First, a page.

Joss Delage

Why do Libertarian candidates emphasize foreign policy so much?

11 posts in this topic

I was a fan (admitedly casually) of Gary Johnson before he was the LP candidate. He talked a lot about restraining government, his track record vetoing bills as a NM governor, his staunch opposition to bailouts, and the like. I follow him on Facebook, and 90% of the stuff his campaign posts is either some winning about the fact that he's not invited to the debates or pacifist drivel that sounds straight out of Ron Paul.

Why is it that Libertarians emphasize isolationism / pacifism / defeatism so much? How come they don't talk more about the economy, government creep, social policies, etc? It's like Johnson underwent a brain swap with Ron Paul upon obtaining the LP nomination.

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Pandering to the far left while trying to distance themselves from any hint of similarity with the right in any of its opposition to domestic statism and in its general favorable views of actual productive business like dreaded "corporations". They have done this for nearly half a century. A lot of them are still the "hippies of the right" who have more in common with leftist, hippie-like mentalities.

Not only do they emphasize the topic of foreign policy, though, they then turn around and abdicate responsibility for having any policy on foreign affairs by embracing ostrichism, as if it that were a simple solution and no further explanations or theories were required. With "anarcho-capitalist" tendencies they have to do that or they would be stuck with the contradiction of opposing government on principle while advocating some affirmative policy.

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Your post is non-responsive to what I wrote. George Washington was neither an anarchist nor a hippie.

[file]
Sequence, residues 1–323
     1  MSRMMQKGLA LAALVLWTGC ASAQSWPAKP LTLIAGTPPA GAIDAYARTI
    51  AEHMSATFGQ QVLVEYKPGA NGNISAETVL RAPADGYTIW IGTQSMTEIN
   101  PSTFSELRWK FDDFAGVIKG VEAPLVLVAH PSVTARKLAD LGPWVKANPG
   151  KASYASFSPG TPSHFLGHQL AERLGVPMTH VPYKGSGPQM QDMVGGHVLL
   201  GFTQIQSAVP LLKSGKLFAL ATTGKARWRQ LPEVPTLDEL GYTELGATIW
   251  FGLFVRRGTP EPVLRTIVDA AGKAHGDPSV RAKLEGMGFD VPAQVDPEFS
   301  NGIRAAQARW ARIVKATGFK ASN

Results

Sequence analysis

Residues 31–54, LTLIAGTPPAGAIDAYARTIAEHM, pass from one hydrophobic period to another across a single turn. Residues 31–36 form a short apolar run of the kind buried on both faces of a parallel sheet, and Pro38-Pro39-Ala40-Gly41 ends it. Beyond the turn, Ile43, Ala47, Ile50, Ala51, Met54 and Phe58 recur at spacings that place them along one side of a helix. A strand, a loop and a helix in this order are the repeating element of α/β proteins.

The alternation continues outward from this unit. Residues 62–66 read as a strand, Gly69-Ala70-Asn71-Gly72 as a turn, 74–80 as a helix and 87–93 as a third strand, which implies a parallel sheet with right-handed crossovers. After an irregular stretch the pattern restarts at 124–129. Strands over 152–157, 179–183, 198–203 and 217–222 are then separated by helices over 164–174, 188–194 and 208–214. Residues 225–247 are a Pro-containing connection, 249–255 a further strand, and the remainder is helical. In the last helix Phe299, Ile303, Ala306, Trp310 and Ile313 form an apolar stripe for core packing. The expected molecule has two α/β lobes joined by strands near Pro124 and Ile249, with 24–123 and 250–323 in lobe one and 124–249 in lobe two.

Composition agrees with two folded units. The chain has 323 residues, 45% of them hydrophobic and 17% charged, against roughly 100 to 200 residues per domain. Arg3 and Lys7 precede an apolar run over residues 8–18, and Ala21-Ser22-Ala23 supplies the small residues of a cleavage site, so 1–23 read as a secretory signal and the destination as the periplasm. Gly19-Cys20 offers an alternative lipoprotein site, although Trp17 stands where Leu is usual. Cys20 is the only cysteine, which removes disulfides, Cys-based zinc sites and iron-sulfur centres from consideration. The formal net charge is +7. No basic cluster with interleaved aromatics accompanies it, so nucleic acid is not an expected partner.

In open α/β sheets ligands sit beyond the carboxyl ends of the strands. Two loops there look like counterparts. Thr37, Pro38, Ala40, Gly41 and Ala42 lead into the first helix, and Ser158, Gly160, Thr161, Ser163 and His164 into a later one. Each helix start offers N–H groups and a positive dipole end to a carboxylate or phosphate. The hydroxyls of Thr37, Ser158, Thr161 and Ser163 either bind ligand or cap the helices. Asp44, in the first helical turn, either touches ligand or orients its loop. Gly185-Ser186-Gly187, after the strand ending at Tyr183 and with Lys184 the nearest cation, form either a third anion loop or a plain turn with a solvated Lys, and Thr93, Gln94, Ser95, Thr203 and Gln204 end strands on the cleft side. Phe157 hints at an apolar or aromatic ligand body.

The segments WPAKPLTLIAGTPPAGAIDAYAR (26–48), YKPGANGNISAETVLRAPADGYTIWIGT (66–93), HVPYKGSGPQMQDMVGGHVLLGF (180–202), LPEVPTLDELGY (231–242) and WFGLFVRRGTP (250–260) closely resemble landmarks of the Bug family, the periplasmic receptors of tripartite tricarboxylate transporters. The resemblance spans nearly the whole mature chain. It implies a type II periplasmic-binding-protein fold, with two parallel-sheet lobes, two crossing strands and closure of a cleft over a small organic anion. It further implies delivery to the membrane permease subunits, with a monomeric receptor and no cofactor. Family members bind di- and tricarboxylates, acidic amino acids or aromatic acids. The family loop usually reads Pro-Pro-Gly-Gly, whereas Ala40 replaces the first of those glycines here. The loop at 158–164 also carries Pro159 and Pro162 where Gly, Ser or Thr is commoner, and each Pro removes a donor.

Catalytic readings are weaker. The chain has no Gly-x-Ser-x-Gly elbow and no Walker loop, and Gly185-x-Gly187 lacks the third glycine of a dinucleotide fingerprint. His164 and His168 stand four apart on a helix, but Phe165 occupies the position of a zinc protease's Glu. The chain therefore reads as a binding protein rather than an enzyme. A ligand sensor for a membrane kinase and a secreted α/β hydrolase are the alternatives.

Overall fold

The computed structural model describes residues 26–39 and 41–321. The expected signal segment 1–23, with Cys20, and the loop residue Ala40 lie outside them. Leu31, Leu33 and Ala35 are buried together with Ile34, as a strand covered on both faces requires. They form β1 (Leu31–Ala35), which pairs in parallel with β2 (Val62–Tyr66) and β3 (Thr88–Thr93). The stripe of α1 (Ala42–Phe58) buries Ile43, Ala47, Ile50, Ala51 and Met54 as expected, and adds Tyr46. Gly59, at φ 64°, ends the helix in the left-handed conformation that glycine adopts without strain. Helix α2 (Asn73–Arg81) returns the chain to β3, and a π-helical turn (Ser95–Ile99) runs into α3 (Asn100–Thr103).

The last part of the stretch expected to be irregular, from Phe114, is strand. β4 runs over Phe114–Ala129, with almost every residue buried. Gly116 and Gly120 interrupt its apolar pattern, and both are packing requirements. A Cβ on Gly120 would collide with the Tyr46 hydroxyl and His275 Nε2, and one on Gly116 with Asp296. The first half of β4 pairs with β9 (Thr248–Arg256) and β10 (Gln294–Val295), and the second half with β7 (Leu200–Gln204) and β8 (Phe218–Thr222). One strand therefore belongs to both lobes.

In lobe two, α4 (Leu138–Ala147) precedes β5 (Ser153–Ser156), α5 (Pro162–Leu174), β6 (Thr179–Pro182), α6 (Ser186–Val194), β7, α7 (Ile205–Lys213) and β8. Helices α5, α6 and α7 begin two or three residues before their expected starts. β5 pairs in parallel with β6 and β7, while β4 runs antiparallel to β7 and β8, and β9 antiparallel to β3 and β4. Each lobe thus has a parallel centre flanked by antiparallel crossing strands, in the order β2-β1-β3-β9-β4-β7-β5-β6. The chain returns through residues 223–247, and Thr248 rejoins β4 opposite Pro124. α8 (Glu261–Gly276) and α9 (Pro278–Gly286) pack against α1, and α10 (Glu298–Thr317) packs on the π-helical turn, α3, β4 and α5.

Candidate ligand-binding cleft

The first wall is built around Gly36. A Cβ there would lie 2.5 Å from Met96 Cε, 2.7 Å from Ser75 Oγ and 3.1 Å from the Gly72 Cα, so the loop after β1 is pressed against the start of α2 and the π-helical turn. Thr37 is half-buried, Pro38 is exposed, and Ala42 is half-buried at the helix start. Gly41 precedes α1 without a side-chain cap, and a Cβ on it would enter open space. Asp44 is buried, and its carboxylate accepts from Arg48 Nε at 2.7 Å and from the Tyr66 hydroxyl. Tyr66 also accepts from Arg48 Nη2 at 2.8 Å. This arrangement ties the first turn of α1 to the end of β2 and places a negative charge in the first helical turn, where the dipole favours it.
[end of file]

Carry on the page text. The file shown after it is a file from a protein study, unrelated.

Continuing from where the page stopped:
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Your post is non-responsive to what I wrote. George Washington was neither an anarchist nor a hippie.

Neither are most small "l" libertarians. The ones I know are those who argue for government to be limited to its proper functions which are to keep the peace, defend the nation against foreign attack and provide peaceful means for settling disputes. I do not hold a blanket condemnation of libertarians. Yes, some of them are anarchists ( I am not). Some of them are woo woo non thinkers (I am not). Most of the small "l" types I know are very sound reasonable people (many in the scientific and technical professions) who want government to be "right sized" (in a manner of speaking).

ruveyn

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The thread is about libertarian candidates and foreign policy. Your post appealing to George Washington's warning against "entangling alliances" was another false insinuation and was non-responsive. Not all alliances against a common enemy are what Washington called "entangling alliances". The libertarian activists, particularly those who have ventured into real world politics, tend to be ostriches, which they fall back on in their evasion of real foreign policy issues.

There is no such thing as a "right size" for government and "size" is not the criterion for what is proper for a government to do in foreign policy or anything else. Neither is a literal "defend against foreign attack", ignoring everything that leads up to it or threatens it. Libertarians, especially the LP, tend to be a-philosophical or anti-philosophical, think in naive slogans, and have little appreciation of what it takes to be effective in real politics; they are known for "not playing in the real world". The ones who think that political campaigns they are certain to lose by enormous margins are a means of "education" are especially naive and destructive.

It is not enough to be vaguely against 'big' or 'excessive' government and favor just a "means for peaceful resolution of disputes" (which for some of them includes anarchy) and "defense against foreign aggression" without regard to the nature of the rights of the individual and their principled role and the role of a morality of reason and individualism in the formulation and justification for government and its proper functions.

There are still many people who are generally reasonable and who generally have individualistic and common sense tendencies against improper government actions here and in foreign policy without understanding what is required (and without consistency). If there weren't we would have been gone long ago. But the best among them, even those who consider themselves to be small "l" libertarians, generally don't involve themselves with the LP and its crackpot ostrich abnegation of foreign policy, which has been a hallmark of the libertarian movement and its roots in anarcho-capitalism and pandering to the left for decades.